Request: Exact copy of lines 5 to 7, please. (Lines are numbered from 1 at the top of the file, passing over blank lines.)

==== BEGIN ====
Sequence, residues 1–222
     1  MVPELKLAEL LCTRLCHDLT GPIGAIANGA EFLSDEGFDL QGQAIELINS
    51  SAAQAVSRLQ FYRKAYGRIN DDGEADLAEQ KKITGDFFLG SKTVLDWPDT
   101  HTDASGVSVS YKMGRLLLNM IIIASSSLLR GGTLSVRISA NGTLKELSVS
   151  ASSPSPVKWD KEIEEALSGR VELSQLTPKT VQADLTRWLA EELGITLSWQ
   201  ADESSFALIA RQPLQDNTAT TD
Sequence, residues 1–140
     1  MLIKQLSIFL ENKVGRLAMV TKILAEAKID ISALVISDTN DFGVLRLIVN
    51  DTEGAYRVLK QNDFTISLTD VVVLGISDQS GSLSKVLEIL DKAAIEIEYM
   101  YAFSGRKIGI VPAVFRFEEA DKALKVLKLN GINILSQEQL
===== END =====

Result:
   151  ASSPSPVKWD KEIEEALSGR VELSQLTPKT VQADLTRWLA EELGITLSWQ
   201  ADESSFALIA RQPLQDNTAT TD
Sequence, residues 1–140